ANTHONY RAY HINTON: No, I didn’t. Thank God, I didn’t ever face an execution date. I thought about it a lot of time. But, like I stated before, I just had faith that God would not let me be executed for something that I didn’t do.

AMY GOODMAN: Before 1999, that was some well over a decade after you are in prison death row, before EJI, the Equal Justice Initiative, Bryan Stevenson took your case on, did you ever think that your verdict would be overturned? Who could you appeal to?

ANTHONY RAY HINTON: Well, to be honest with you, when you is placed on death row, you have to have strong faith. And the lawyer that I had that represented me during trial, once the case go through the Alabama criminal court of appeal and you lose there, you on your own. So, I had wrote Mr. Stevenson and asked for assistance from them. He got me an attorney out of Boston. To be perfectly honest with you, the lawyer from Boston come down and talk to me and he stayed on the case maybe a year or so, a couple years. And it just wasn’t working out the way I thought the case should be going. I remember specifically, he told me he was trying to get me life without. And I told him get that for someone that is guilty, I’m innocent. I need someone that would believe in me and would fight for my life as hard as they could, and that is when Mr. Stevenson came in.

AMY GOODMAN: And this issue of money. I mean, the ballistics expert. Explain his limited vision, let alone his incompetence, and was money the key issue here, Anthony? Being able to hire a competent ballistics expert?

ANTHONY RAY HINTON: Yes, money was very important. Not only the expert than I had at the time of my trial – he was blind in one eye. When he went to the forensic science to check the gun, he didn’t even know how to turn on the basic machine. He had to ask for help to turn on the machine. That should have been a red flag for those men sitting there watching this man ask for help. And not only that, he said that once he got up under the microscope, all he could see was his finger. So, he testified in court that he had very limited eyesight, he had very limited in the telescope he was using. I just don’t understand how a judge or anyone could qualify him as being an expert. They kept using the term, well, he knows more than the average person.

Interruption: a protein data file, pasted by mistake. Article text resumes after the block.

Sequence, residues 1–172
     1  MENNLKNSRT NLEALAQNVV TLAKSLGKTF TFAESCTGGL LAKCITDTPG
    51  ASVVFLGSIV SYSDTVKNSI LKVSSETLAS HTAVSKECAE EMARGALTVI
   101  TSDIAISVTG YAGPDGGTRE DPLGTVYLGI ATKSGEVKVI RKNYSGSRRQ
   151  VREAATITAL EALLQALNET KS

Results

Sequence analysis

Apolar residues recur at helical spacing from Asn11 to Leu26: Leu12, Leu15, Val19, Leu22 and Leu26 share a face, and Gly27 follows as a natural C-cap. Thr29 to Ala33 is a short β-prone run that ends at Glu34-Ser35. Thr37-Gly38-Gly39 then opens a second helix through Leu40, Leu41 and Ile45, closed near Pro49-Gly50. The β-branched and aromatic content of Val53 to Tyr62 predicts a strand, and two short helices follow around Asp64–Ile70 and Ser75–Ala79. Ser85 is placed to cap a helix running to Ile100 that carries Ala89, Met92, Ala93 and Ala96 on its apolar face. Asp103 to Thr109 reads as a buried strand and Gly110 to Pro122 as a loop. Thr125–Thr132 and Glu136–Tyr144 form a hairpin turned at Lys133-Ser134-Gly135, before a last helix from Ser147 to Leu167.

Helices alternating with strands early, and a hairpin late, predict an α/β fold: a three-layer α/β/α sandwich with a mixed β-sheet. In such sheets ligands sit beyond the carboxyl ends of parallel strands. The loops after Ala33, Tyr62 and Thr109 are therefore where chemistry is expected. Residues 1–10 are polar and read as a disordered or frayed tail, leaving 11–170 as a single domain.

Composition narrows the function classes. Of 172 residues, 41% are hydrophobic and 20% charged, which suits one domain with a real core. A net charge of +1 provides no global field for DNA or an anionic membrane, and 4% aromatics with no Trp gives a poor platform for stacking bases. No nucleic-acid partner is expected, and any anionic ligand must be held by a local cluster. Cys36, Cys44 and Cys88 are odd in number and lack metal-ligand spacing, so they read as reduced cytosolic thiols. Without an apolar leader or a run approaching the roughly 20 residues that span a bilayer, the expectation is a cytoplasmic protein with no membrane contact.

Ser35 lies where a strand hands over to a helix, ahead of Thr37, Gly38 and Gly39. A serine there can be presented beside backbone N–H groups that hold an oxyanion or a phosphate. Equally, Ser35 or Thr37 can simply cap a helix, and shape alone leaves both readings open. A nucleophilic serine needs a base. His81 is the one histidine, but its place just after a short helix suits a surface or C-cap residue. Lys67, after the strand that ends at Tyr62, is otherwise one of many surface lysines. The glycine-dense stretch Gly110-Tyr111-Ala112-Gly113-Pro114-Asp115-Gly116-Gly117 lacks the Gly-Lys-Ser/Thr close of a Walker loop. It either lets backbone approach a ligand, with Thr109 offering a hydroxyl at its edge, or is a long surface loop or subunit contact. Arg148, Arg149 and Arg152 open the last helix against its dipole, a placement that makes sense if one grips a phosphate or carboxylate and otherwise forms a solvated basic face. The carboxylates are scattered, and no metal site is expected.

I think there’s some laws need to be changed around here. Just because you read a magazine about surgery, don’t mean I can come up to New York and give you open heart surgery. And so, this is what we need to try to change in Alabama. People just getting up on the stand and testifying, considering theyselves an expert.

AMY GOODMAN: How did you maintain the sense of humor you have, Anthony? I mean, you were well respected by both the guards on death row and also other prisoners.

AMY GOODMAN: Oh, yes. I think I was born with this sense of humor. And that’s something that 20, 30 years that they took from it, they couldn’t take my soul. They couldn’t take the fact that I love to make people laugh. I think that you can find humor in anything. And I used that as a tool to make other people forget their problems. I think it was my biggest asset that I had, that I – having a sense of humor. I recall some time, just sitting up there and a correction officer would come by and I’d say, hey, I need to go home for an hour and I promise you I’ll come right back. Or just different little stuff that I would say every day to try to get myself through it and as well as my other inmates that were surrounding me – with me.

AMY GOODMAN: Bryan Stevenson, the state’s evidence of a match discredited by three highly qualified firearms examiners, including the former chief of the FBI’s Firearm and Tool Marks Unit who testified in 2002 that the bullets from all three crimes could not be matched to a single gun at all, much less to Anthony’s mother’s gun. 2002. When you talk about they just wouldn’t review it, aren’t there laws that say you have to review exonerating evidence? I mean, the Supreme Court unanimously overturned the verdict.